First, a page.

Being a parent of a teenage kid, from the very beginning I tried to introduce him to the world of electronics in a sustainable way.
Today, with greater or lesser success, I managed to reach the moment when my son can say “enough” to devices, go for a long walk with the dog, without fear that he will miss something in the virtual world.
Of course, I could write entire volumes about the number of failures I experienced during the 14 years of my son’s life. So I am curious about your experiences? Do you experience situations where the number of hours spent by your children in front of the screen causes of insomnia? Or maybe there are sudden aggressive behaviors when you try to take the tablet from your 2-year-old? I’d like to read about your experiences.
I’m a father of two pre-school kids. They don’t have the freedom to use computer devices on their own yet - we limit their screen time to 1 hour of cartoons a day (up to 2 hours on a rainy weekend).
We already see that their peers are fully into playing mobile games and having their screen-time extended to 3+ hours a day of games/cartoons unattended by their parents. My son comes back from the kindergarten and tells stories about games he hasn’t played just because all of his colleagues are playing Minecraft or Brawl Stars.
I’m sure that pretty soon he’ll need to enter this world not to be marginalized What I could use is a tutorial for parents who want their kids to be digitally-literate but access this literacy “Mudita-style” if I might put it that way
I wonder whether these types of resources or tutorials already exist?
Anyway, thanks for the blog post - it motivates me to think more about the issue and pay more attention to how parents need to be role-models when it comes to using our screen devices
@Wojciech_Cichon You touched a very interesting subject. At one time, when my son was still in preschool age, he had a friend who was absolutely forbidden to watch TV, games were dosed on a computer or phone up to a maximum of 20 minutes a day. What I noticed was incredible. My son was able to play and watch TV. I agreed with him that we were watching, for example, 3 cartoons of 10 minutes each. Then we stuck to the arrangements. Similarly, he could play games for up to 1 hour a day or 1.5 hours a day. But everything was preceded by our agreement that he would play until a given hour and no more. First, I helped him keep the time, then he kept it himself.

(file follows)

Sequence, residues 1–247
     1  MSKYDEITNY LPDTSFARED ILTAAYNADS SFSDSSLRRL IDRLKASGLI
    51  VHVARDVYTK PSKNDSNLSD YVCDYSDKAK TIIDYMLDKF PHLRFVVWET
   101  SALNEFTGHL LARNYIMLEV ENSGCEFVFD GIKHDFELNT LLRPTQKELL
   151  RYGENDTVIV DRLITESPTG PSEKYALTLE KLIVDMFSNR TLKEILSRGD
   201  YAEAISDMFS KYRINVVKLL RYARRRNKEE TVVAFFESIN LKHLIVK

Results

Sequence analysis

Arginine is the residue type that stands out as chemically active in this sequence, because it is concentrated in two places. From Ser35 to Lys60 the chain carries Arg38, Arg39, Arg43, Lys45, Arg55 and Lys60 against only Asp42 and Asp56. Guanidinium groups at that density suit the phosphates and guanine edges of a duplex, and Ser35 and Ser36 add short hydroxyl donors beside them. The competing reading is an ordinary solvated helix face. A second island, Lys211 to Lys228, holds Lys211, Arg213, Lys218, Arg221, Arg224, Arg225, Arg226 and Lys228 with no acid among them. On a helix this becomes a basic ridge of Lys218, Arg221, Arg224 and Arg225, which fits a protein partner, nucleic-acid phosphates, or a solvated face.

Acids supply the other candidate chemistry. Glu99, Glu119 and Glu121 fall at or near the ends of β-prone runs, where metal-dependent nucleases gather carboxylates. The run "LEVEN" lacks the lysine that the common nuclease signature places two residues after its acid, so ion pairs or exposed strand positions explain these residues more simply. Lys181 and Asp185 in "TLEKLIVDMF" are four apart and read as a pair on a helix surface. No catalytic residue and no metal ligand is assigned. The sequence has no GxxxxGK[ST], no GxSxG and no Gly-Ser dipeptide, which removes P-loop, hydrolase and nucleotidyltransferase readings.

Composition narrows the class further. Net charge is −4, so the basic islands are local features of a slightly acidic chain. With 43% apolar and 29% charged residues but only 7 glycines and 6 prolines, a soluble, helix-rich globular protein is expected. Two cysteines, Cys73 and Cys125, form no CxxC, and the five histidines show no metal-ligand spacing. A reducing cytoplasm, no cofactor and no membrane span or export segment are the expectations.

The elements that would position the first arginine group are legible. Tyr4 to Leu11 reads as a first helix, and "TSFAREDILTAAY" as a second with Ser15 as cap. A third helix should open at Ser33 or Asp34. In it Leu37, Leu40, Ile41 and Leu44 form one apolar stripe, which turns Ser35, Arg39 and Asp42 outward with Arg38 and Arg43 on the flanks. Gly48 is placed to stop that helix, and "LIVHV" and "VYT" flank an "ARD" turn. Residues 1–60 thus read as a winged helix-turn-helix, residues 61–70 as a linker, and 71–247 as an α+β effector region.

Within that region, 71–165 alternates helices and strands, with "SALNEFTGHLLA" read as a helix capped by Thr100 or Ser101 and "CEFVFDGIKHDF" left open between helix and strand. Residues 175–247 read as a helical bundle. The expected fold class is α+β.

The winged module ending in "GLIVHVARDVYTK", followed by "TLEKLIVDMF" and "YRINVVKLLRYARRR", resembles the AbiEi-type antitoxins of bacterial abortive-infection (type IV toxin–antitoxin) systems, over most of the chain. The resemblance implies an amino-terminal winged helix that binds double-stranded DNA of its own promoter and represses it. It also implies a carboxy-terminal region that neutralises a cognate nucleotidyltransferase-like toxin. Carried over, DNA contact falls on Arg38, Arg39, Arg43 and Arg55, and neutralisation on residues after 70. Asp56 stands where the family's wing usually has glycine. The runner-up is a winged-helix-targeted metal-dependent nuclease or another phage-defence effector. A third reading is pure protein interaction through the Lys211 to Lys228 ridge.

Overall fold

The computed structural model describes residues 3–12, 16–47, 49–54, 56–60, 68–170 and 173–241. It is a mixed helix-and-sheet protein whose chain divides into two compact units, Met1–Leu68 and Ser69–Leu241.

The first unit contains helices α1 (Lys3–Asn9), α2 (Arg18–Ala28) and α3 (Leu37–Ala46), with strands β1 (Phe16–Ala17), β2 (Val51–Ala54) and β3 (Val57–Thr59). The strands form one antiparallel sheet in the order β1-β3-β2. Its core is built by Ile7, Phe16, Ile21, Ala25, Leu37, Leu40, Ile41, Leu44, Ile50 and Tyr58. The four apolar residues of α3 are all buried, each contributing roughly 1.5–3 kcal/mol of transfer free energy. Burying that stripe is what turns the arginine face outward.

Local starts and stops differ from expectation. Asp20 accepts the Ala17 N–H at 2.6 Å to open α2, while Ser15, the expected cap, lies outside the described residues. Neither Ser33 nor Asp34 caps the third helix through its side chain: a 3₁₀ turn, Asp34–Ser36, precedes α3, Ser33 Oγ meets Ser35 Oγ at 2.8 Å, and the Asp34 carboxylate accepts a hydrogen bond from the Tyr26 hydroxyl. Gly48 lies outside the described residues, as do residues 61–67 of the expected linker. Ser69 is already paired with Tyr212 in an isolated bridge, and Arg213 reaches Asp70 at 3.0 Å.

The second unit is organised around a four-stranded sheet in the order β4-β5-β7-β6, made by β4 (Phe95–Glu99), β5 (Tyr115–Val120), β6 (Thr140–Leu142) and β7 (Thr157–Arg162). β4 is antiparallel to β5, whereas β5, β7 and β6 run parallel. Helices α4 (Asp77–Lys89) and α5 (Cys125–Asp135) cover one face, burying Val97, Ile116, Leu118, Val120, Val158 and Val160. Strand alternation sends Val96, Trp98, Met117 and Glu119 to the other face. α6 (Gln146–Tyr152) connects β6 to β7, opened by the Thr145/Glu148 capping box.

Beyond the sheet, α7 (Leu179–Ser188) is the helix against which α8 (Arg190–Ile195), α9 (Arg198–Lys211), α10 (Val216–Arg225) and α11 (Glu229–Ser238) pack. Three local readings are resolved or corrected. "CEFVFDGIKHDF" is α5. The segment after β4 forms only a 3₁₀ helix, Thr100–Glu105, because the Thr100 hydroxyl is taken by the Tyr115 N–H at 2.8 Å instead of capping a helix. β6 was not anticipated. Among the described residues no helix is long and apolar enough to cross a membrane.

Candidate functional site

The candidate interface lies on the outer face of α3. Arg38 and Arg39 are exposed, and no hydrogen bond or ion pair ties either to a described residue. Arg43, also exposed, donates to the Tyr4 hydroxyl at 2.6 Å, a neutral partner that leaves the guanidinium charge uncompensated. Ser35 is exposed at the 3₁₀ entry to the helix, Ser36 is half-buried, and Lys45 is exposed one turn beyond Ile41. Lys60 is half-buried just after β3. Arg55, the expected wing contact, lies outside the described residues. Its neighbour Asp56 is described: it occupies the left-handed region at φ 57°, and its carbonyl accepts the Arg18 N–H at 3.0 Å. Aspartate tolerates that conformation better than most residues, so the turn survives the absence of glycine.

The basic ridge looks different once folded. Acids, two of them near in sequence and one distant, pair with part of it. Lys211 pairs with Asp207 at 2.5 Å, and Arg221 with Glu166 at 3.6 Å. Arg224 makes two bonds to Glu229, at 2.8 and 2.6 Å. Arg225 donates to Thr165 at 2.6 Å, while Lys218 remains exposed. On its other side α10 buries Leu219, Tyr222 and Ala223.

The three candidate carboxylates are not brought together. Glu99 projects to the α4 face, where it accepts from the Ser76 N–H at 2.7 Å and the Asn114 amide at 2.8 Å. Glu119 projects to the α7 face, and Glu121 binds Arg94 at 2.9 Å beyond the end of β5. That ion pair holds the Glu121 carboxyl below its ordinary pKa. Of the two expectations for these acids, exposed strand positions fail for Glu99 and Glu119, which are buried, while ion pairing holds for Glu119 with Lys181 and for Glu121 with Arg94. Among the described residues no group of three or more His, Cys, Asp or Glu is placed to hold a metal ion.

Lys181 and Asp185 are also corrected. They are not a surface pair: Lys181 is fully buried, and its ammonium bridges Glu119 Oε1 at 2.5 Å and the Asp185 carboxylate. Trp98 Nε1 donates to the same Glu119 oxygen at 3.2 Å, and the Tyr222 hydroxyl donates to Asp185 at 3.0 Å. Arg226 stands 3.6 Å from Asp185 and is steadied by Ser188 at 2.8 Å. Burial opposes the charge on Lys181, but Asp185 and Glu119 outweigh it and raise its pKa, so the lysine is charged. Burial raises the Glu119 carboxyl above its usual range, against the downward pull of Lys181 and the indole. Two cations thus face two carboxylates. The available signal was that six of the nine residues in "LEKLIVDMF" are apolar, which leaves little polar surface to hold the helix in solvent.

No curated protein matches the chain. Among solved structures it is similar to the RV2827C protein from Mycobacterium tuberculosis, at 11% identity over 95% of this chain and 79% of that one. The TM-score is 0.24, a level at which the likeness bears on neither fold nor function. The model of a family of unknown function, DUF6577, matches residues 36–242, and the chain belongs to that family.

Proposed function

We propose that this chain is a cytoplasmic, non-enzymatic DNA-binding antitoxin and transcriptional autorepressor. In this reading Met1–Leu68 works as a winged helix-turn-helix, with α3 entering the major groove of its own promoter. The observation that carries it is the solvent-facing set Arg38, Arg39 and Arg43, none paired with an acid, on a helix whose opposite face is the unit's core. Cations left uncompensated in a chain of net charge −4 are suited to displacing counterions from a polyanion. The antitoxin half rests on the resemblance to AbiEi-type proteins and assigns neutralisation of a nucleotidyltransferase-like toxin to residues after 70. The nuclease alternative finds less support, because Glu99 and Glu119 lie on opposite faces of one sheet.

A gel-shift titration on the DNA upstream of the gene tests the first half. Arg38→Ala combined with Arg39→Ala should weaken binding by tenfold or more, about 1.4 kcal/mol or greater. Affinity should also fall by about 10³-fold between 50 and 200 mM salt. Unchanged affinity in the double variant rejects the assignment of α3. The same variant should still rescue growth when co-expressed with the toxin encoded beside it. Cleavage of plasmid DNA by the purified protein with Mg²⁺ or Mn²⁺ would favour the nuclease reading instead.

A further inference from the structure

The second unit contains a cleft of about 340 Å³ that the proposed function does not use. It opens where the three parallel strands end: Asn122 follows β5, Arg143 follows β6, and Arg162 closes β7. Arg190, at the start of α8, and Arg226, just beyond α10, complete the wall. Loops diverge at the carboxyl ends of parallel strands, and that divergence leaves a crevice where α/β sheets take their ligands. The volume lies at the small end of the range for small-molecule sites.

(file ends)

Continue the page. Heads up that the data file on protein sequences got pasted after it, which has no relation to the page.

What was my son’s friend doing at the same time? - acted like he was released from the wild. In my home, it was hard to get him away from the TV. He wanted to play every game throughout his stay with us because he was not allowed at home.
I shared my observations with the boy’s mother. We both came to the conclusion that absolute restriction of TV or games is not a method for children of Gen Z or Alpha. What was a technological novelty for us is the norm for them.
That is why it is worth getting to know these two generations closer and see if we are not forbidding or improperly dosing them with something that is a natural part of their lives.
If I can recommend you, it is worth reading the document Understanding Generation Alpha. Also EVERYTHING YOU EVER WANTED TO KNOW ABOUT GEN Z.
I hope that it will help you.
I have a stepson who is woefully addicted to their Chromebook (YouTube Kids) and their Cell Phone (Games).
Screen time is a very large part of his life.
This is something I’m wanting to change & inspire change in. This is actually a big reason why I’m switching to the Pure - I want to show him that it’s just not needed.
I’m moving myself more & more towards “If I want to use technology, I’ll get onto my computer” mentality.
I’m hoping that it’ll help encourage him that screen time is not needed.
I also have a newborn son, and his life WILL NOT be ruled by screens.
Fantastic resolution! I hope you will manage to persevere in it when it comes to your little son.
When it comes to older children, it is worth setting an example yourself.
I believe that prohibiting them from using technology and abusing it yourself is not a good example.
For example, what my son will think, seeing me scrolling through Instagram, when at the same time he is forbidden to do so. As a parent, I must show my child that I also follow similar rules.
But as a parent, I can reveal that it is sometimes worth hiding and sneaking through e-mails rather than showing the child that the rules have been broken
Indeed & totally makes sense.
I left all Social Media earlier this year, and it’s the best thing I’ve ever done. I would like the rest of my family to follow suit, but I think the fact that most have uninstalled all their Social Media apps is a really great start
For sure it’s a good start!
I really keep my fingers crossed for you.
Thanks, and same to you! I think that the vast majority of the population really had a wake-up call of sorts with ‘The Social Dilemma’.
I can happily say I told my family “This is why I left!”
Fantastic! You are an example to follow.